Denying fathers their rights
Barbara Kay, National Post · Jun. 15, 2011 | Last Updated: Jun. 15, 2011 3:03 AM ET
Shania Twain recently published a memoir detailing her anguish at her ex-husband's affair with her best friend. In the end, Shania found happiness with the friend's betrayed husband, by her account a straight-arrow guy, a terrific father to his own daughter and a much-admired step-father to her sons.
She writes, "What attracted me to Fred was his selflessness. He was going through the same agony as I was -maybe even worse, because as a father, he would have to battle his soon-to-be ex for the right to see his own daughter. At least that was something I never had to face."
Why is it that Shania accepts with such fatalism that the custody of her daughter will never be at issue, whereas this selfless man will have to "battle" for access to his child? Because that is the way things still are in family courts in the West, and even celebrities with the clout to arouse public outrage have absorbed the received wisdom that if one parent resists shared parenting for any reason whatsoever -it is usually the mother, and the reasons can be trivial or non-existent -the mother is awarded sole custody. (In reality, nobody is awarded anything through such judgments; on the contrary, one parent and his children have been taken away from each other).
In 1995, 49,000 American men were primary caregivers to their children. In 2010 154,000 men were. Pampers is now using fathers in their diaper ads. Almost 10 years ago, in a sample of 32,000 parents, Health Canada found that working fathers and mothers spend virtually equal time on child care.
So gender convergence is the rule for non-divorced parents, and equal parenting is now the rule for divorces that don't go to trial. Why is it not the presumptive norm for those that do go to trial, after which mothers get sole custody nine out of 10 times?
It is clear to any disinterested observer who immerses himself in the subject that almost the only opponents to equal parenting are misandric ideologues and those financially invested in the family court system itself, which would see a drastic reduction in revenue from the professional gold mine all-or-nothing custody battles represent.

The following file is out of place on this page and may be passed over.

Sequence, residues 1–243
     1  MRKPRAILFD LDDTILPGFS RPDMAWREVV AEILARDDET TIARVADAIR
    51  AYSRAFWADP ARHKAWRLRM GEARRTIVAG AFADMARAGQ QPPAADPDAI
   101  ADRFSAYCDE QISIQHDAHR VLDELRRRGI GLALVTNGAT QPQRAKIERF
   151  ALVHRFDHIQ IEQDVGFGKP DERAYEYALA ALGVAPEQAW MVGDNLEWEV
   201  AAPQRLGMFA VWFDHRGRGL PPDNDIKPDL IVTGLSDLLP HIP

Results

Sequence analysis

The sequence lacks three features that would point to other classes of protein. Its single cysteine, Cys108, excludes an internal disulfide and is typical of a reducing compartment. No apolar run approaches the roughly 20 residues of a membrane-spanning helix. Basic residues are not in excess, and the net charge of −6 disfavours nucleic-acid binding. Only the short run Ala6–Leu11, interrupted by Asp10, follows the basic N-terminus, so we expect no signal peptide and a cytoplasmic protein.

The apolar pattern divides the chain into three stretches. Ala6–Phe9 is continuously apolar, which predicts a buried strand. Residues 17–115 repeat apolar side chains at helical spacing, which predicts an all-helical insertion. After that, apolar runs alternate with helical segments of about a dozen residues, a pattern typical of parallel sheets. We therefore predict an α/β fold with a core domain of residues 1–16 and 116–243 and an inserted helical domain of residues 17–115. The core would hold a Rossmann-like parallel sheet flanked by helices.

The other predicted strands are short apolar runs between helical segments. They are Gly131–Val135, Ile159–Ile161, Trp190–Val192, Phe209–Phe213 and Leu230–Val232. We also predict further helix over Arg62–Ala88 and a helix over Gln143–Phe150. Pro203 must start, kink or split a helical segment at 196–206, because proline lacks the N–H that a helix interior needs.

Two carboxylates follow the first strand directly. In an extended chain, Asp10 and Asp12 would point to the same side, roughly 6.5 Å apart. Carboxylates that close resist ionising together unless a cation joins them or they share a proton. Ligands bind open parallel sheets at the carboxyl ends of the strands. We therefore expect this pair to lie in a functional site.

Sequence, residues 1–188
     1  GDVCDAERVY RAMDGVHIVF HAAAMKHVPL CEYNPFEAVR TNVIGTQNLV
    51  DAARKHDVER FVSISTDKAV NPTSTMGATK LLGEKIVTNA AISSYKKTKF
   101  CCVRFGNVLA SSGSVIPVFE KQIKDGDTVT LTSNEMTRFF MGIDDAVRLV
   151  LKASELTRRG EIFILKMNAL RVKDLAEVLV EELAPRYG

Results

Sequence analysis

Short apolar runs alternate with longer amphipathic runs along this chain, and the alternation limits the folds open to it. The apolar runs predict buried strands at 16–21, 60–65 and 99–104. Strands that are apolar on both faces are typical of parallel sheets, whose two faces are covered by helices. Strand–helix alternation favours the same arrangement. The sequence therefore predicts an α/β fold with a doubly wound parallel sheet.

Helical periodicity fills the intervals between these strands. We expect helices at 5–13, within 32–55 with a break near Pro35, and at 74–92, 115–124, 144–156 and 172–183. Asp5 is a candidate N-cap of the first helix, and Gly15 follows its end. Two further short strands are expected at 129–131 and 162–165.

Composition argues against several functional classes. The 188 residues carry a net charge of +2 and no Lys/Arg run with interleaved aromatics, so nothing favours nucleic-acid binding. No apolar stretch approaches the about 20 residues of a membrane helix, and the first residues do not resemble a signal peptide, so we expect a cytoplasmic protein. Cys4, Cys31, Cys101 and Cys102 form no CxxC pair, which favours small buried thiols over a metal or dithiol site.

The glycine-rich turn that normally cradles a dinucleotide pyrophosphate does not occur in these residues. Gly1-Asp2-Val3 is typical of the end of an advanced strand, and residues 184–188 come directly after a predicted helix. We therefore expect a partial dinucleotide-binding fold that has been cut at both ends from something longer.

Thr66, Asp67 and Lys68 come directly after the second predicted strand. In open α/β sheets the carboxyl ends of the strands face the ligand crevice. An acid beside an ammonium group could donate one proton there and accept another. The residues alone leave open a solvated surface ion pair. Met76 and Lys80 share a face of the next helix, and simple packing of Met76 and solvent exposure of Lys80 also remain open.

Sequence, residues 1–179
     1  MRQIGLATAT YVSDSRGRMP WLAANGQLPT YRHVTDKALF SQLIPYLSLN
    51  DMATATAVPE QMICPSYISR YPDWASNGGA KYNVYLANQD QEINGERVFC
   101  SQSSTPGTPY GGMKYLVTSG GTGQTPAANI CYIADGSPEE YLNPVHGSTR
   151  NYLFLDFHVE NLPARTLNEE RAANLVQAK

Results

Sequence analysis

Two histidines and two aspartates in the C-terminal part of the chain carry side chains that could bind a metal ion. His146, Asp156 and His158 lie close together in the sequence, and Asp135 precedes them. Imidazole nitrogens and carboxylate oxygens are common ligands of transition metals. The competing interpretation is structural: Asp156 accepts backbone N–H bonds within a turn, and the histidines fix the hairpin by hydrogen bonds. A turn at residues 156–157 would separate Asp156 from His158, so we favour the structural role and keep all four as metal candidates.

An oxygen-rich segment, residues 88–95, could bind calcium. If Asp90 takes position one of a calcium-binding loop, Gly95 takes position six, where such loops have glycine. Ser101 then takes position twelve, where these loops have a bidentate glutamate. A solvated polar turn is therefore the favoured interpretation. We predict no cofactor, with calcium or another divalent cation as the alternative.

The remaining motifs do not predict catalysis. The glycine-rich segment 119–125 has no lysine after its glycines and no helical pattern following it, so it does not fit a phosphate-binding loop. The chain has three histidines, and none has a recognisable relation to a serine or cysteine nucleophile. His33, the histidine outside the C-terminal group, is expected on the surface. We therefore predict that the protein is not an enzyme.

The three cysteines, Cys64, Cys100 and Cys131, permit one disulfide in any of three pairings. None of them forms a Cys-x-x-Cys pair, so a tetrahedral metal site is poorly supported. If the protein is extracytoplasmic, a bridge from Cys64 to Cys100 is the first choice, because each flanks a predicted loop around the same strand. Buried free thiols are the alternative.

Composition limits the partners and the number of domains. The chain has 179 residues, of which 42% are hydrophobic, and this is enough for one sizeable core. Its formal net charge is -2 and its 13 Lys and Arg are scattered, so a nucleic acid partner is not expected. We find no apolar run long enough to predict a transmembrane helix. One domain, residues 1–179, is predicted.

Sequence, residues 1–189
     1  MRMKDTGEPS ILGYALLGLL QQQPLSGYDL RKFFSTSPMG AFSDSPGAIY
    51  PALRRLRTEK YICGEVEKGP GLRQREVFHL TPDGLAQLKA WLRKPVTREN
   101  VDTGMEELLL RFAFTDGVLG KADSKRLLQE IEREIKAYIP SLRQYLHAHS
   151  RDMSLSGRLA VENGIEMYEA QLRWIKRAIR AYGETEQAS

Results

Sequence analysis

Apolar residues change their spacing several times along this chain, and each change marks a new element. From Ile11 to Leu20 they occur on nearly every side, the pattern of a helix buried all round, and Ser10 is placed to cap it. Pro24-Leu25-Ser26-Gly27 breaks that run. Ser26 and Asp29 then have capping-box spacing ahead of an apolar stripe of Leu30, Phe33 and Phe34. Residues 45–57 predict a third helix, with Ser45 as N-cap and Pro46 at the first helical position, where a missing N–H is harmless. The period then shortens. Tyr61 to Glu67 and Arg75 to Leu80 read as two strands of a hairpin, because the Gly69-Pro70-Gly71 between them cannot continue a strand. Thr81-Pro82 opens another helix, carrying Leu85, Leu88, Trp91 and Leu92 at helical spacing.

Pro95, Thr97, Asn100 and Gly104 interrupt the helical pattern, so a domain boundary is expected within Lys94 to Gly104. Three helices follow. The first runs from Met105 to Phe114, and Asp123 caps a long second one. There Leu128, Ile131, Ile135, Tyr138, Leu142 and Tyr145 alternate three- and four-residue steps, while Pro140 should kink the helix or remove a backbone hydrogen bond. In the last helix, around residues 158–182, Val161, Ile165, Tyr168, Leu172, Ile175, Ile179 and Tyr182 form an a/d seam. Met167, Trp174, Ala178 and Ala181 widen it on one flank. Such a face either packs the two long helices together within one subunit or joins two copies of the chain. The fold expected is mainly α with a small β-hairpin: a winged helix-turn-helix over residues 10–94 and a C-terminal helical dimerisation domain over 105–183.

Reliable surveys tell us that over 70% of Canadians want a presumption of shared or equal parenting in law (in the absence of abuse). But many judges are still in thrall to stubborn myths: that men demand custody rights to punish their ex-wives or to avoid child support; that they easily disengage from their children; or that awarding men equal rights represents a "patriarchal backlash" (even though few men ask for sole custody, only shared) and children do just as well with one parent as two. Wrong on all counts.
Edward Kruk, associate professor of social work at the University of British Columbia, has been studying the changing role of fathers and the problems of father absence for 30 years. His latest book, Divorced Fathers: Children's Needs and Parental Responsibilities, illuminates the tragic toll on fathers first removed from their children's lives by a biased legal system, and then unsupported by a social services network that is almost wholly indifferent to fathers' rights and feelings.
Displaced fathers are overwrought at the loss of contact with their children. They are far more likely to become depressed or unemployed. Worse, suicide rates amongst fathers struggling to maintain a parenting relationship with their children are "epidemic." Divorced fathers are more than twice as likely to kill themselves as married fathers. But since men tend to suffer in silence, the depth of their despair goes unnoticed.
Kruk calls the crisis of father absence -for both fathers and the children they are torn from -"one of the most significant and powerful trends of this generation." Children now form primary attachments to both parents. Losing their father's active participation in their lives is enormously consequential. Trustworthy research demonstrates that children deprived of a meaningful father role are at far greater risk of physical, emotional and psychological damage than those actively parented by their fathers. Children fare better with equal parenting even where there is conflict between the parents; it is only child-directed conflict that hurts children.
Kruk's findings reveal that ironically, precisely because they have taken on equal responsibility for parenting before divorce, men who lose their parenting role now suffer far more grievously than they used to 20 years ago when he wrote his first book, Divorce and Disengagement. He argues for a paradigm shift, away from a rights-based discourse to a framework of "responsibility to needs," in which both children's needs and parental and institutional responsibilities to them would be enumerated.
Kruk rather poignantly asks: "Why are parents with no civil or criminal wrongdoing forced to surrender their responsibility to raise their children?" and "Is the removal of a parent from the life of a child, via legal sole custody, itself a form of parental alienation?" Good questions, especially since equal parenting has been part of the Conservative policybook since the party's rebirth. What's the delay? Over to you, Mr. Harper.